Reuters explains the latest mainstream meme, the public is "numb" to Iraq war deaths:
But with the U.S. military death toll hitting 2,787 on Friday, and with 73 deaths so far in October, it is shaping up to be the deadliest month for U.S. forces since the Falluja offensive two years ago.This is exactly the sort of story one could expect from Reuters, which still refuses to use the word terrorist. They have a tendency to throw Occam's Razor overboard, and over-intellectualize the things that puzzle them.
Analysts said even local media coverage struggles to overcome the numbing affect of the steady flow of deaths.
"In Iraq, certainly while we were losing relatively small numbers of soldiers early on, I think that was a huge shock," said Max Boot, a senior fellow of national security studies at the New York-based Council on Foreign Relations.
"But now that it's kind of accumulated it doesn't have as much of a shock value. This is reminiscent of (Soviet dictator Joseph) Stalin's phrase about how 'one death is a tragedy, a million deaths is a statistic.' There's some truth to that."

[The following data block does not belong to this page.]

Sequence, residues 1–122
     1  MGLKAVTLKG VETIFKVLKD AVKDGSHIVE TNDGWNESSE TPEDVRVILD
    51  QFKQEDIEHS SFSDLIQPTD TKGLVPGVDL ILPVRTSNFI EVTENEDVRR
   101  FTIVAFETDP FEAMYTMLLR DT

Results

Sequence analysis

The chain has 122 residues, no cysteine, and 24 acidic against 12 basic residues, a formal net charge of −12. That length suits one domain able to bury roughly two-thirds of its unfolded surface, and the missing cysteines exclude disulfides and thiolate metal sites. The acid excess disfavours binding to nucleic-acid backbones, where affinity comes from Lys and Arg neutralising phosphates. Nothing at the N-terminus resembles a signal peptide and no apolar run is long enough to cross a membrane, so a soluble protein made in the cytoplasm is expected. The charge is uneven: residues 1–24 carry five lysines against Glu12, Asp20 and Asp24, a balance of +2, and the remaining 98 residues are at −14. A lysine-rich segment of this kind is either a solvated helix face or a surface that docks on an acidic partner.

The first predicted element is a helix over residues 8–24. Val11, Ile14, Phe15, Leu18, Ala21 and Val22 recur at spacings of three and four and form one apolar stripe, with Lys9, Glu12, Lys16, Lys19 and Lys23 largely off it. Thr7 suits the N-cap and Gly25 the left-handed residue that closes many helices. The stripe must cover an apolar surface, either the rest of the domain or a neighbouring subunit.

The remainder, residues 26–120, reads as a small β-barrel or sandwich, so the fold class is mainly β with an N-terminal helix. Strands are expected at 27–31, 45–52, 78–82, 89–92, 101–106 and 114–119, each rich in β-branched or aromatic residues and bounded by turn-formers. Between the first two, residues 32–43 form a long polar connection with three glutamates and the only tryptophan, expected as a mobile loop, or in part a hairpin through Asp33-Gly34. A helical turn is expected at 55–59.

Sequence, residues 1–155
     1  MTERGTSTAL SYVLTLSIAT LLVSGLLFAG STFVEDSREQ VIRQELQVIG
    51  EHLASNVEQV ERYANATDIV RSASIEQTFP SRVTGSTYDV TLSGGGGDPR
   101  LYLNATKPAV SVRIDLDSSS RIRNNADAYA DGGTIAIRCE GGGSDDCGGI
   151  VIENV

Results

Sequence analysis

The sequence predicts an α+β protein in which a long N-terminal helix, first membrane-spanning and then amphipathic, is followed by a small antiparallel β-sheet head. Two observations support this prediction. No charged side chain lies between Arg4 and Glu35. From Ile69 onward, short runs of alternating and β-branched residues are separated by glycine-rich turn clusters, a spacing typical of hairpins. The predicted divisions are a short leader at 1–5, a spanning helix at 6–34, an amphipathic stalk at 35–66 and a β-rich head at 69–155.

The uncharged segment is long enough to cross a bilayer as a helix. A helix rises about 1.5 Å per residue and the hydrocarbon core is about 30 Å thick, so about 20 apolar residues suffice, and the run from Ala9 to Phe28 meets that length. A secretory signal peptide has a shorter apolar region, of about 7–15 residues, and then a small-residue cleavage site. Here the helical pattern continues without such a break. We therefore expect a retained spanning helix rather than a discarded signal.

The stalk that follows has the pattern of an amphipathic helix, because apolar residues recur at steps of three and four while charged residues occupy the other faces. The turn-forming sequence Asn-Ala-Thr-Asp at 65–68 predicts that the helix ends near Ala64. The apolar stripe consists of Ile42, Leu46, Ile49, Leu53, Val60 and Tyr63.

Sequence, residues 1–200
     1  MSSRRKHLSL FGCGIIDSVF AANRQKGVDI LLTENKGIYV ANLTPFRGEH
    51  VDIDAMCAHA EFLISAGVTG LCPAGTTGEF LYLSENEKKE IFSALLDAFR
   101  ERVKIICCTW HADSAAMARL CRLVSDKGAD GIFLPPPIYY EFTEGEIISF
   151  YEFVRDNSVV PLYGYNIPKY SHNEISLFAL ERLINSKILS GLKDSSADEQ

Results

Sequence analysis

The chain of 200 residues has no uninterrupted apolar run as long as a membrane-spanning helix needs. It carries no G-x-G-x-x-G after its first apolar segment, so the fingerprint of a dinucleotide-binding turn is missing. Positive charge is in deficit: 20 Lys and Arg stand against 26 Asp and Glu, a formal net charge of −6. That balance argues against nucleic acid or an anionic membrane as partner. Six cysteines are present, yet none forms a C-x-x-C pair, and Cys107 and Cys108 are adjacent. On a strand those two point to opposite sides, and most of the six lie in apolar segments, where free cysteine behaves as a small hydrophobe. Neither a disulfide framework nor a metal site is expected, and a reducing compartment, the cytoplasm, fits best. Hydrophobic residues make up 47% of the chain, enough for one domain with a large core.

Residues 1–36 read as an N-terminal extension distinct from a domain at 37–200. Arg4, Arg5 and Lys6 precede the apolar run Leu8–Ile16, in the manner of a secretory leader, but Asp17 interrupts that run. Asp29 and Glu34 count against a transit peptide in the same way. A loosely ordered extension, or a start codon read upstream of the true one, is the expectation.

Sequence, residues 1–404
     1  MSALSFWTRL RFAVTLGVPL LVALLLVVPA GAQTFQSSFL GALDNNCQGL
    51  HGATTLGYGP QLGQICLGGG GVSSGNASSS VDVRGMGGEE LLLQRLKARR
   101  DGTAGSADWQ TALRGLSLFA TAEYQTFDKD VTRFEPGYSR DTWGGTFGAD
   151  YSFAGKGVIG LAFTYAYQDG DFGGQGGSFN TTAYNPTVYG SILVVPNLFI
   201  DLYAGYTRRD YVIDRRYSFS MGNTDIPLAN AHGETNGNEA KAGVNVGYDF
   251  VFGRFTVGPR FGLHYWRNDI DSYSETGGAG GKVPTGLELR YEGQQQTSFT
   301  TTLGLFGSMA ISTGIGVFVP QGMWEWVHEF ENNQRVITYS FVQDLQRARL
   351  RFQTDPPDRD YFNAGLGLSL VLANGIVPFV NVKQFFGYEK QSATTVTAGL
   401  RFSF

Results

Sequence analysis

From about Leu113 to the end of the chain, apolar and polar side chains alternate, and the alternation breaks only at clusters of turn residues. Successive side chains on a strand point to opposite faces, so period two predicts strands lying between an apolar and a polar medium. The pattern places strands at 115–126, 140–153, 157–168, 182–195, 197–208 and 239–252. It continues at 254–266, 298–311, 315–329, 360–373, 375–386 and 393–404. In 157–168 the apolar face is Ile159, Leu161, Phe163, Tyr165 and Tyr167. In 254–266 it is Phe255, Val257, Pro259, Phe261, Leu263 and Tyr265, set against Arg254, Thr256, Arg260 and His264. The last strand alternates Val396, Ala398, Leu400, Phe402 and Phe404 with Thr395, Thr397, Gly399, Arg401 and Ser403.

Apparently, the think-tankers and journalists see "numbness" because of the lack of Vietnam-era style mass demonstrations, as no other reason for believing Americans don't care about their war dead is mentioned. What they're really saying is that Americans are not reacting in the way they would prefer, by calling for retreat and surrender in the War on Terror.
Here's a hint for these poor souls: We are at war. We were attacked in our own homeland. Our soldiers are fighting a war. Everyone knows that people die in a war. The remarkable thing about this war is not that American warriors are dying, but that so few are - a tribute to their training, tactics, and determination.
And many of us are onto the tactics of agenda journalsim; tactics that have been evolving since Vietnam. It's very telling that a wire service can write a story about American dead in the War on Terror...and never once mention 9/11.
We are at war, and Americans know it.